Jump to content











Photo
- - - - -

Prevent creation of Microsoft Reserved and Recovery partition?


  • Please log in to reply
3 replies to this topic

#1 Wonko the Insane

Wonko the Insane

    Silver Member

  • Advanced user
  • 502 posts
  • Location:The Inside of the Asylum (gate is wide open)
  • Interests:Oh, so you hate me too? Well, join the club! There are weekly meetings at the corner of Fuck You St. and Kiss My Ass Blvd.

Posted 2 weeks ago

I've noticed (quite awhile back, actually) that if you install Windows 10 (or generally any Windows since Vista) on a blank disk, it will by default create a Recovery, EFI, MSR, and C drive, in that particular order from 1 to 4. I'm not sure if it applies to all versions of Windows since Vista, some may vary slightly in terms of what is created and in what order. But at least for 10, that's what I've seen. And when I say Recovery partition, it's usually less than 500MB, I'm not referring to the other type of Recovery partition that contains an install.wim, referenced on various Microsoft websites.

 

I've booted Windows in UEFI mode before with nothing more than an EFI and C drive partition, no Recovery or MSR. So I know that these 2 are the only ones that are absolutely critical for booting. Or in the case of legacy booting, a System Reserved and C drive partition, *OR* just a C drive marked as active, which also contains the boot files.

 

I also have this notion that the EFI partition should generally be not only the only FAT32 partition on the disk (preferably), but also the 1st partition as well. I've seen examples where some utilities will assume that EFI is first, and issues ensue if it isn't. Is there some kind of general rule somewhere (that applies to multiple OSes, not just Windows) that says EFI should be the first partition?

 

For the Recovery partition, is this *REALLY* necessary? I ask because Windows creates a folder called C:\Recovery, whose contents appear to be similar to the contents of the Recovery partition. I also tend to use outside 3rd-party tools if I need recovery functionality. So why, or is, Recovery really necessary, if Windows can just use the files at C:\Recovery for repairs, etc? As for the MSR, from what I've read it appears to be there for the purpose of converting a basic disk to a dynamic disk. It appears as unallocated/unformatted space in GParted, but is still listed as a partition in both GParted and Diskpart. Does it serve any other purposes? In my case the size is 16MB.

 

Another issue I've had multiple times is that when doing an in-place upgrade/Refresh/Reset, Windows will sometimes add these partitions (to the right of the C drive if I'm not mistaken), and it will go as far as to resize other partitions. This screws with my partition layout, I pre-partition in advance and like to have everything laid out exactly as I've set it. In a case this morning, I upgraded 10 Pro to Enterprise and a 2nd Recovery partition appeared on my disk. It just fucking pisses me off when Windows goes mucking around like this without my explicit consent, as I'm the owner and everything should be done with consent. It's almost enough to make me go ballistic.

 

Am I better off leaving Recovery and MSR alone? Or instead just let Windows setup/upgrade/Refresh/Reset create them if it wishes? Or just continue pre-partitioning as usual with only EFI and C drive, dealing with the side effects of upgrade/Refresh/Reset after the fact? If I manually create them myself and it will make use of them (preferably in GParted)? I don't really think the exact order of these partitions is particularly important, aside that they need to be placed before the C drive. Or is there a specific reasoning behind this order?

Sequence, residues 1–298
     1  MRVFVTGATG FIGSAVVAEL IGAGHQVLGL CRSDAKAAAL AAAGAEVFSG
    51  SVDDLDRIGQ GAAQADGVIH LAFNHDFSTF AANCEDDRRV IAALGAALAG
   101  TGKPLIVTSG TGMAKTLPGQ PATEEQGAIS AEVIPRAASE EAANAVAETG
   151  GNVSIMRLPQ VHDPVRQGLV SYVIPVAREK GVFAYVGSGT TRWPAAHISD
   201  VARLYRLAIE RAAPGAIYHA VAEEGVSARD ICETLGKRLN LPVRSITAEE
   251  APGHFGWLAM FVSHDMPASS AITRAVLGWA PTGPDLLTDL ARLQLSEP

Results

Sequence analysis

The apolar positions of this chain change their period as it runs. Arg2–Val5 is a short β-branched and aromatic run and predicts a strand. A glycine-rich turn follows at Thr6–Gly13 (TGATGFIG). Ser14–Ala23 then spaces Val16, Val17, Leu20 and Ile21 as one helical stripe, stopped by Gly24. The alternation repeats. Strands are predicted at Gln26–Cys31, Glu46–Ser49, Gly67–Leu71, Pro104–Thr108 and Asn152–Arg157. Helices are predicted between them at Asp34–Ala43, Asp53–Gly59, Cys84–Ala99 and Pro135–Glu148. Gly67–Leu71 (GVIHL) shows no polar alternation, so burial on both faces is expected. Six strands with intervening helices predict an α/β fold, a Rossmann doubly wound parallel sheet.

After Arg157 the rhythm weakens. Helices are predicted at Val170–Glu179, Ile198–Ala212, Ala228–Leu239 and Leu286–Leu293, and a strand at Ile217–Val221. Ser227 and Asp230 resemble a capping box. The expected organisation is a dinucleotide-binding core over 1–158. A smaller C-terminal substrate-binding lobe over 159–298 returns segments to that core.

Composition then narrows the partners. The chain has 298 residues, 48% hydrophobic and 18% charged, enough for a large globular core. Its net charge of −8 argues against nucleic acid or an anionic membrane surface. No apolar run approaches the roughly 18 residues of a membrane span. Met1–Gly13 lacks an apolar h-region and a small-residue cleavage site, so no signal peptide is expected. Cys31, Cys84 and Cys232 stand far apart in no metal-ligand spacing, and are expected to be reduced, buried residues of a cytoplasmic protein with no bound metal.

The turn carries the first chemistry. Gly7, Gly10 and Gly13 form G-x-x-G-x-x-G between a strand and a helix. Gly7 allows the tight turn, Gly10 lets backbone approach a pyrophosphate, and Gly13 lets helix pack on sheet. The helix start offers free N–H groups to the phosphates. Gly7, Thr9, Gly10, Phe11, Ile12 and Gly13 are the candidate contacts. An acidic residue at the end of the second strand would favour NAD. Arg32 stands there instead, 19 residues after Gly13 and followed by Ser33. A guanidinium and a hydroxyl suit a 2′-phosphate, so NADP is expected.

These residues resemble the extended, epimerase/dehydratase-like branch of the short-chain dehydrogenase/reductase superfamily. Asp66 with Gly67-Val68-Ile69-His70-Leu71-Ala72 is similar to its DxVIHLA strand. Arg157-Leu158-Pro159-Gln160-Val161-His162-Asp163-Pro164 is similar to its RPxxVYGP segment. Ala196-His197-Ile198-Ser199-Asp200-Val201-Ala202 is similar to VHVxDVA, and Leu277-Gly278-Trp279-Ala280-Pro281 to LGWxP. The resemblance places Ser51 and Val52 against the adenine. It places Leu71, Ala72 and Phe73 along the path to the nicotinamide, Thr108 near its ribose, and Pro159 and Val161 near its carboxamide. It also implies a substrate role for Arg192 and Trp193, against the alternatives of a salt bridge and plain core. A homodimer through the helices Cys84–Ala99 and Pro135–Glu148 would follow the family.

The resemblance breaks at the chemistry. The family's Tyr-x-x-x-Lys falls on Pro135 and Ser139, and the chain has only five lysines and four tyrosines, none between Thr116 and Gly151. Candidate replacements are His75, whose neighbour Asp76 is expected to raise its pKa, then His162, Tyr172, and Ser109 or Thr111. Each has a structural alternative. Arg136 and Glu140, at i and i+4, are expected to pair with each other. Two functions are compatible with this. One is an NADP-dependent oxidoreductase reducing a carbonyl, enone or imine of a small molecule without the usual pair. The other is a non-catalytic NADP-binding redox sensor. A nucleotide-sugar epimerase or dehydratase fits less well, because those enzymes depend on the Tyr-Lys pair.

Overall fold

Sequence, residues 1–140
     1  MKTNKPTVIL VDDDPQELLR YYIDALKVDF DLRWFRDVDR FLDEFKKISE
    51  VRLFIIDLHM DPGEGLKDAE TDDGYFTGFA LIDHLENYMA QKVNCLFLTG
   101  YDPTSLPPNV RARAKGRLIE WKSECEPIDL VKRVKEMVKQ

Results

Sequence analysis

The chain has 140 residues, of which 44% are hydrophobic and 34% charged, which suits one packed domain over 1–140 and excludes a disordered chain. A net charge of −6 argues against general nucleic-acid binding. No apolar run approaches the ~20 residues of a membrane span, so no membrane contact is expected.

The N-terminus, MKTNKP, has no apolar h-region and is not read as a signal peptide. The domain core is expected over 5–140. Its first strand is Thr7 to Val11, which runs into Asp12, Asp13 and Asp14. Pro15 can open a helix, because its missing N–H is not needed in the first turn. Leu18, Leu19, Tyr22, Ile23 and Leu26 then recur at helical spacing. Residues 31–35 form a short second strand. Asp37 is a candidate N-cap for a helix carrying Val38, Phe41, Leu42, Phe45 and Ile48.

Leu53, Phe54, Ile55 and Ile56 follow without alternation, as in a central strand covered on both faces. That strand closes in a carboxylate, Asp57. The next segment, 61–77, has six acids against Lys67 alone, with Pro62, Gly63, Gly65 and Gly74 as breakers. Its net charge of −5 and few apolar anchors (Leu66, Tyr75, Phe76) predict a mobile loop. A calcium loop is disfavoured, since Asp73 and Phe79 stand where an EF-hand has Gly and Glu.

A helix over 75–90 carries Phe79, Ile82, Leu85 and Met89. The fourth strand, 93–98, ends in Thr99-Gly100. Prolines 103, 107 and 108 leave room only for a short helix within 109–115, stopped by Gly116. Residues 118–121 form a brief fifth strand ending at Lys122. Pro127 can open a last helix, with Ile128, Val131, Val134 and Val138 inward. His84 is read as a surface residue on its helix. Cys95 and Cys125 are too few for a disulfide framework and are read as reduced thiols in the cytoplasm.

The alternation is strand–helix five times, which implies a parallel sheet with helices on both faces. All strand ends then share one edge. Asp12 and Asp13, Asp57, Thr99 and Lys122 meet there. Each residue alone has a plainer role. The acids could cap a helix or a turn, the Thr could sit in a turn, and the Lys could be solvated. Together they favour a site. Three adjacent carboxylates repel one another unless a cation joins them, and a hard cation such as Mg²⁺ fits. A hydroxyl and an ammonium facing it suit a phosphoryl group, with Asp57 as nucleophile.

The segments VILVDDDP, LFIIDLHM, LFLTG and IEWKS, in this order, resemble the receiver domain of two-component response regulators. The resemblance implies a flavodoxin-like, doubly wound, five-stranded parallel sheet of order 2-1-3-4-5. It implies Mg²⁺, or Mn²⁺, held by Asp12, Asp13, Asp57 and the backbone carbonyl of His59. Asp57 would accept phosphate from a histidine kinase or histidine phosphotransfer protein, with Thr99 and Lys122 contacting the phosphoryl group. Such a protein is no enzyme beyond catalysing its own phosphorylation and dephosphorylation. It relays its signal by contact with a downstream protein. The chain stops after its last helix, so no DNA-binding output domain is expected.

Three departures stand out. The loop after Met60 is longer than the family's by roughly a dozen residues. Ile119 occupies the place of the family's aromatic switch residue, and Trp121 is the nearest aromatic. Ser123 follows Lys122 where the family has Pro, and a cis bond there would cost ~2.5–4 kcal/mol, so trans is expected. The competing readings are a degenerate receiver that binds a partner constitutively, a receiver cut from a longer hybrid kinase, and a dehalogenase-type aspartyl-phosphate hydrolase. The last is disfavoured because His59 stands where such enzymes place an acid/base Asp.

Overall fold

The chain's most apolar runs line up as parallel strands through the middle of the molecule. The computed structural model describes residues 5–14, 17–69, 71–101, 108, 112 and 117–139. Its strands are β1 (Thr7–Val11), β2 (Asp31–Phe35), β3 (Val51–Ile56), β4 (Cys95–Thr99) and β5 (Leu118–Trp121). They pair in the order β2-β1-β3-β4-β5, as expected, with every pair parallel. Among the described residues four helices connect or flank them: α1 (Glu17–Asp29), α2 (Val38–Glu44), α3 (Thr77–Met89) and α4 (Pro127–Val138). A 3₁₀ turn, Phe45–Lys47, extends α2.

If they are safe to leave out, is there any way I can prevent an upgrade/Refresh/Reset from creating them? Perhaps I can do these things via 3rd-party tools to accomplish what I'm after?

 

Thanks!



#2 Rocky Essing

Rocky Essing

    Newbie

  • Members
  • 11 posts
  •  
    United States

Posted A week ago

The upgrade and refresh options have never given the user enough control.  The only way I can think of is to not use them.  backup with a good profile backup tool and install fresh.  A little harder to do, but you have more control.


Edited by Rocky Essing, A week ago.


#3 Wonko the Insane

Wonko the Insane

    Silver Member

  • Advanced user
  • 502 posts
  • Location:The Inside of the Asylum (gate is wide open)
  • Interests:Oh, so you hate me too? Well, join the club! There are weekly meetings at the corner of Fuck You St. and Kiss My Ass Blvd.

Posted A week ago

Are there any 3rd party tools for upgrading Windows? Kind of like how something like WimLib can be used for installing. But it does make sense that a Refresh/Reset can probably only be done in the official way, with less control as a result. I already make frequent images/backups, but that is entirely unrelated.

#4 erwan.l

erwan.l

    Gold Member

  • Developer
  • 1914 posts
  • Location:Nantes - France
  •  
    France

Posted A week ago

During install, at least on windows 7, I know you can prevent this (I do) during a fresh install : delete all partitions, create a single partition, install.

 

Now during upgrade (i never do such things), so I cant really tell.

 

Not using the windows install to do an upgrade is probably quite a challenge as it is more than just adding/replacing files (registry, acl's, etc).






0 user(s) are reading this topic

0 members, 0 guests, 0 anonymous users